Customer Reviews for

On Beauty

Average Rating 4
( 53 )
Rating Distribution

5 Star

(18)

4 Star

(16)

3 Star

(10)

2 Star

(6)

1 Star

(3)

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Sort by: Showing 1 – 20 of 53 Customer Reviews
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  • Posted December 22, 2008

    more from this reviewer

    on beauty

    I read this book because it was on the list of 1001 books to read before you die. Though I'm still not sure why it's on that list, I did enjoy the book. I found that I liked most of the characters, though Kiki was my favorite. I think that it showed that no one really is as they appear to be to others. I also think that Zadie Smith's writing style is excellent. I had no trouble whatsoever following the dialogue and keeping up with what was going on. I would recommend this book to friends who like to read something different.

    3 out of 3 people found this review helpful.

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  • Anonymous

    Posted January 11, 2008

    A Brilliant Book

    I'd heard lots of hype about Zadie Smith, and I was not disappointed with On Beauty. The book's unconventional opening line had me hooked: 'One may as well begin with Jerome's e-mails to his father:' The son is saving his virginity for marriage because of a new-found Christian faith, and his liberal, British father, a professor, is unamused - particularly when Jerome falls in love with the daughter of his arch-nemesis, a black, right-wing conservative who is anti-affirmative action, homosexuality, women's rights...and then we're off. Smith dexterously explores issues of race, class and culture through the lens of a family, name-dropping from Rembrandt to Tupac. This is a book that will set the benchmark for future 'modern classics.' Here's an example of her writing chops: 'From here she could see the strangely melancholic format of Jerome's text, italics and ellipses everywhere. Slanted sails blowing about on perforated seas.'

    2 out of 2 people found this review helpful.

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  • Posted July 22, 2012

    She's a great writer and I love this novel. I don't read novels

    She's a great writer and I love this novel. I don't read novels for plot I read them for language and thinking. This is a fine novel.

    1 out of 1 people found this review helpful.

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  • Posted December 6, 2012

    more from this reviewer

    The name of the title tells it all: On Beauty! I haven't read co

    The name of the title tells it all: On Beauty! I haven't read contemporary fiction before until I joined a class at school and this is one of the books we had to read. The facts to this story are oh-so-real that you feel the emotions for the characters. Excellent!

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  • Posted May 20, 2012

    Astonishing

    I loved "White Teeth," but Smith outdid herself with this one. Truly extraordinary--and it stays with you.

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  • Posted December 20, 2010

    more from this reviewer

    A so, so interesting read.

    The story revolves around two families that live in Mass. The reader will find the Belseys family with the main character Howard Belsey an Art professor and from the second family; the Kipps there is Monty Kipps. Monty arrives with his family and begins his work at the same university that Howard is employed. In summary these two characters lock horns on various social issues (family life, marriage, faithfulness, etc.) and their strong views are covered in this story that spans over a one year period.
    I suspect that so far this sounds boring, but the author did weave this subplot (I say subplot because there seemed to be numerous plots where I'm in the middle or I'm just starting another one) into the story to make it very interesting. I use the word "interesting" loosely because I found it difficult to find a lot of empathy for the host of characters, although Zora with her sexual problems did stand out in my memory.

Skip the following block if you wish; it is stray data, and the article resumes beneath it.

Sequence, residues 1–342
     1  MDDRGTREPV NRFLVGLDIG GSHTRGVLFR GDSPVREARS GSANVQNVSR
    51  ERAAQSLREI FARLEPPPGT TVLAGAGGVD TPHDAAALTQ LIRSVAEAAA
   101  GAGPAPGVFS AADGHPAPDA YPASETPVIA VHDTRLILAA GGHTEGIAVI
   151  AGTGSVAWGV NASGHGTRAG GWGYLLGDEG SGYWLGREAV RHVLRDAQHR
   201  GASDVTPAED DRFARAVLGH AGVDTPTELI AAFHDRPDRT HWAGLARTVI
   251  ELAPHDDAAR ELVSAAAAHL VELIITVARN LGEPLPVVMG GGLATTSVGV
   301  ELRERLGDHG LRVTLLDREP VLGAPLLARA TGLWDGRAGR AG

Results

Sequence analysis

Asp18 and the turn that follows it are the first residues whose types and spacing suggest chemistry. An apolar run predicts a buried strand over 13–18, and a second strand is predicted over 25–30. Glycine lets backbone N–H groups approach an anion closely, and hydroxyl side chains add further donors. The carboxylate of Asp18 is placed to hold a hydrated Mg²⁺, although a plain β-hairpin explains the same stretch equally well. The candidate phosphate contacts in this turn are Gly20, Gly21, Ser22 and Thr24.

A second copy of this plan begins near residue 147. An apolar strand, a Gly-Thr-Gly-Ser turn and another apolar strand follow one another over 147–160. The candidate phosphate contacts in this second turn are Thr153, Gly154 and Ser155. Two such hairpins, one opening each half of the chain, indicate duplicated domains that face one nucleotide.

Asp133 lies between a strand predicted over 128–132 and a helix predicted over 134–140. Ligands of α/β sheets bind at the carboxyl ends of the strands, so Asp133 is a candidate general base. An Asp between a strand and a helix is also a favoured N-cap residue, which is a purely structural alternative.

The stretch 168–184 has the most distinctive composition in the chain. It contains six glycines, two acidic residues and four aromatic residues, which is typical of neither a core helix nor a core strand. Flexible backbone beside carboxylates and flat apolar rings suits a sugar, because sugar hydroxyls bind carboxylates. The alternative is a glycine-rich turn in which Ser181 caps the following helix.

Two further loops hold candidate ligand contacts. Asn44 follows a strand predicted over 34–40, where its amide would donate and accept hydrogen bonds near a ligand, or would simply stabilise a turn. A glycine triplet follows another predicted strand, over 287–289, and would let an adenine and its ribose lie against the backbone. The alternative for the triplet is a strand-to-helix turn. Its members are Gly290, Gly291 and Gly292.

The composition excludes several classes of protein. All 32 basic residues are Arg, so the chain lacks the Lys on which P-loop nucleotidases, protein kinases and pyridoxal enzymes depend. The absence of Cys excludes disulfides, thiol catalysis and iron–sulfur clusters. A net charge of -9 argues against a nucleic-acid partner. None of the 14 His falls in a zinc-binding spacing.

The ending was a let down for me. It left me sort of confused, as if there were more pages to the story that needed to be read. Maybe that was intentional by the author. Overall I'm not sure if I would recommend "On Beauty" to my friends. I guess I would have to be very selective if I did opt to encourage someone to buy the book. Maybe, my best bet would be to advise them to check it out at the library.

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  • Anonymous

    Posted May 14, 2010

    Zadie in Bosnia

    Believe it or not, I picked this book up in an America book store in Bosnia. The shop own chatted with me for a few minutes and then pulled this book out. It was a great book. The author pulls you into each character and she makes you reflect on life, especially life on the east coast of the states. Great read!!

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  • Anonymous

    Posted January 12, 2008

    A Real Disappointment

    After the reviews, I thought this was going to be a great read. It wasn't even a good read. The attempts at American diction are pretty poor, the characters are annoying and unrealistic, and some of the passages are just boring. And what's with the mediocre poetry? It seems that this went straight from her desk to the publishing house, without stopping by an editor.

    0 out of 2 people found this review helpful.

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  • Anonymous

    Posted August 15, 2007

    Not an enjoyable read

    I was told this book had dark humor and sarcasm, but I didn't find it funny at all. Didn't particularly like it.

    0 out of 3 people found this review helpful.

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  • Anonymous

    Posted April 26, 2007

    Love Zadie, but she fell flat here

    I so wanted to enjoy this book, but I just didn't. I first read Autograph Man and fell in love with Zadie Smith. I also enjoyed White Teeth and was really anticipating this book, but it's been weeks and I'm still trying to drag my way through it. I found the characters generally unlikable and I really, really want Zadie to ask an American to read her writing before she attempts any more American dialogue 'or descriptions for that matter'. Should Levi really say, 'So then what am I meant to do?' or SHOULD he say, 'So, NOW what am I supposed to do?' We never say 'I have done.', we say 'I have.' I could go on and on. Basically, it's an 'American' book told in a British voice when each part should be told in the voice of its narrator. The constant shift between under-developed characters makes for a confusing and interrupted read. Something would finally start to happen with one character, when boom - now you're back with some character you haven't heard from in chapters who never really did anything anyway. I'm hoping that this one is a learning experience for Ms. Smith and I'm still awaiting her next novel. Based solely on her first two, I would read anything that she puts out there (no matter how long it may take).